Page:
Ali ATH, rapper wearing a red and black cap and holding headphones around his neck.

Music

Rapper Ali ATH wonders if there's a place for him in Afghanistan's future

Up-and-coming rapper Ali ATH overcame many obstacles to get into the music business in Afghanistan. Now, as the Taliban gets ready to return to power, he wonders if he will be able to remain in his country.

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The rapper Ali ATH. 

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Ali ATH/YouTube

Growing up in Kabul, rapper Ali ATH hated school.

I skipped classes,” he told The World in an interview. “All I wanted to do was to get online and to listen to music.”

Today, Ali ATH — and many others like him — make a living from their music and their celebrity status in Afghanistan. The name doesn’t really mean anything, he said, but that’s kind of the point — it’s unusual, mysterious even. He asked The World to use his stage name for this story due to security concerns. 

The rap scene in Afghanistan has grown significantly in the past two decades. The US-led invasion in 2001 brought down the Taliban who banned most music with claims that it's un-Islamic.

But all that could change if the Taliban comes back.

“My livelihood is on the line. ... If the Taliban find out I make music, they could kill me. I don’t even want to think about it."

Ali Ath, rapper, Kabul, Afghanistan

“My livelihood is on the line,” Ali ATH said from his home in Kabul. “I make money from my music and my YouTube videos. That’s how I pay the bills. ... If the Taliban find out I make music, they could kill me. I don’t even want to think about it.” 

Ali ATH fell in love with music as a young student. His parents offered him a deal: If he got good grades in school, they would buy him his very own computer. The following school year, Ali ATH lived up to his side of the bargain. He was top in his class. And as promised, he got a brand new computer.

Kabul’s frequent power outages and expensive internet did not stop him. Ali ATH had access to a whole new world. He said he taught himself the basics of rap music and video editing. He downloaded books, read blogs and listened to some of the biggest names in the rap game.

“For speed and rhyming I looked to Eminem,” he said. “For the business side of things, Dr. Dre and Jay-Z.”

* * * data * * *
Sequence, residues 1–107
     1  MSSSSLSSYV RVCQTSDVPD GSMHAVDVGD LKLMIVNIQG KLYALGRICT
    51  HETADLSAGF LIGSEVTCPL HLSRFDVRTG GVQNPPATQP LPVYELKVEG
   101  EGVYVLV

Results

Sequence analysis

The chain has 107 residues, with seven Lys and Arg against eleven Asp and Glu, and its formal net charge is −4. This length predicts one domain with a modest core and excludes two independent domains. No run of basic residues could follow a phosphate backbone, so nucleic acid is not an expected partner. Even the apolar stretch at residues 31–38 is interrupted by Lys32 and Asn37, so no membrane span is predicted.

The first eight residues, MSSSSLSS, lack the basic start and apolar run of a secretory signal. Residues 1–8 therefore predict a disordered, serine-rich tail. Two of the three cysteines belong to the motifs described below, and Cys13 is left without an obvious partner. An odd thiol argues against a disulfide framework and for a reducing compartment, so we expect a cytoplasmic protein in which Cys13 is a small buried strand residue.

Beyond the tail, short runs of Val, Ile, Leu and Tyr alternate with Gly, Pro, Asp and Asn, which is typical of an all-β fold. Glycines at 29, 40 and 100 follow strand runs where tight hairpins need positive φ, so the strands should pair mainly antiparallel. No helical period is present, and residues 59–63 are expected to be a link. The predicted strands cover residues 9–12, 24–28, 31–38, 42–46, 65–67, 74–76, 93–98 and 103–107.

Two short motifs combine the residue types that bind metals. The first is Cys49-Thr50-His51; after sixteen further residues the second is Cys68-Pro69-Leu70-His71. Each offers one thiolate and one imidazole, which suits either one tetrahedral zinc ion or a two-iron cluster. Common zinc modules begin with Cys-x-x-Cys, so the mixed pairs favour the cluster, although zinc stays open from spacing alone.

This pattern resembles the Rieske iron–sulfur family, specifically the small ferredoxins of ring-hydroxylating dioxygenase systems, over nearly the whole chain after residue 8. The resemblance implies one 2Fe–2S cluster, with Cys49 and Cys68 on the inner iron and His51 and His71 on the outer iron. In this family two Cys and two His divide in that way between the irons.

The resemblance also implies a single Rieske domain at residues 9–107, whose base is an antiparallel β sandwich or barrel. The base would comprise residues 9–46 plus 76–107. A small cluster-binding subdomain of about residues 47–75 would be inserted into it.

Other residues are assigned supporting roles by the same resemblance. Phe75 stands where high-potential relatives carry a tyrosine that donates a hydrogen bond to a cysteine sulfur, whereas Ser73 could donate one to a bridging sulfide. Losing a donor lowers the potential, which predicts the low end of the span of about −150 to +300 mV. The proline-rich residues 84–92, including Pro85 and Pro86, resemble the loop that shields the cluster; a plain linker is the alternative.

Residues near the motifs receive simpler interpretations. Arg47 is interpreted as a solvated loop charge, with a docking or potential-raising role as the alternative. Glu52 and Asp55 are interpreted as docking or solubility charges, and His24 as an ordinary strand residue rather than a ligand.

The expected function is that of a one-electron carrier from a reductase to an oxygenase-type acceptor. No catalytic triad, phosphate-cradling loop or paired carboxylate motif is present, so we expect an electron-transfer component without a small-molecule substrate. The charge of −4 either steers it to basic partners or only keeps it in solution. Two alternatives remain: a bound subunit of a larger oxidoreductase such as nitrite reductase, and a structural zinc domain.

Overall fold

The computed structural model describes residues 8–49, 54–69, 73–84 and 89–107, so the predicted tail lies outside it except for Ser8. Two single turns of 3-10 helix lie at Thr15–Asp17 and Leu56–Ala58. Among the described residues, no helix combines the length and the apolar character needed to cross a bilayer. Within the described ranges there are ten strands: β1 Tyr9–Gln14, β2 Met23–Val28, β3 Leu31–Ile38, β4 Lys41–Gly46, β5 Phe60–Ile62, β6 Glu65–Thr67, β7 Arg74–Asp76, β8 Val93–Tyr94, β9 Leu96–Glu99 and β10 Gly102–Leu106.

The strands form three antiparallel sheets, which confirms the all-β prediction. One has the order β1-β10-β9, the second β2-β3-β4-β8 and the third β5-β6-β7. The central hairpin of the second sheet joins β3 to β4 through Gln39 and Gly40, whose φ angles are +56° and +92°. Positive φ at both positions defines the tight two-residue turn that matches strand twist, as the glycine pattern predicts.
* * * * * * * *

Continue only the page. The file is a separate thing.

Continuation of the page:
Now, even with this cloud of uncertainty hanging over his head, Ali ATH continues to make music and record YouTube videos. But his videos are mostly about his daily life — birthday parties with his friends, shopping for a new coffee maker, making pancakes for breakfast.

And lately, he has been extra careful.

“I don’t leave my neighborhood a lot,” he said. “I stick to areas I know.”

He is far from alone.

Women’s rights activists, judges, journalists and politicians have all been targeted by the Taliban and ISIS in recent months.

As peace talks between the Taliban and Afghan government representatives continue in Doha, Qatar, people like Ali ATH wonder if there will be a future for them in their own country.

Many have left already — even Ali ATH's own family. They moved to Iran, he said, after two of his cousins were killed in a suicide attack at an education center in Kabul.

“That was a tragedy for my family,” he said.

Ali ATH has even more to fear. He belongs to an ethnic group called the Hazaras. The Taliban and ISIS have specifically targeted the group for their ethnicity and religion.

But Ali ATH remained in Afghanistan. He said he doesn’t see himself living anywhere else. He wants to be close to his friends and community.

And he has big plans for the future. He wants to set up recording studios in cities across Afghanistan, he said, so that new musicians have a space to experiment. He wants to expand a website he has built that is dedicated to archiving Afghan rap.

And his biggest goal? To one day launch Afghanistan’s version of Netflix.

In the meantime, with all the violence in Afghanistan these days, "As the Americans say, I just hope I’m not at the wrong place at the wrong time,” he said.

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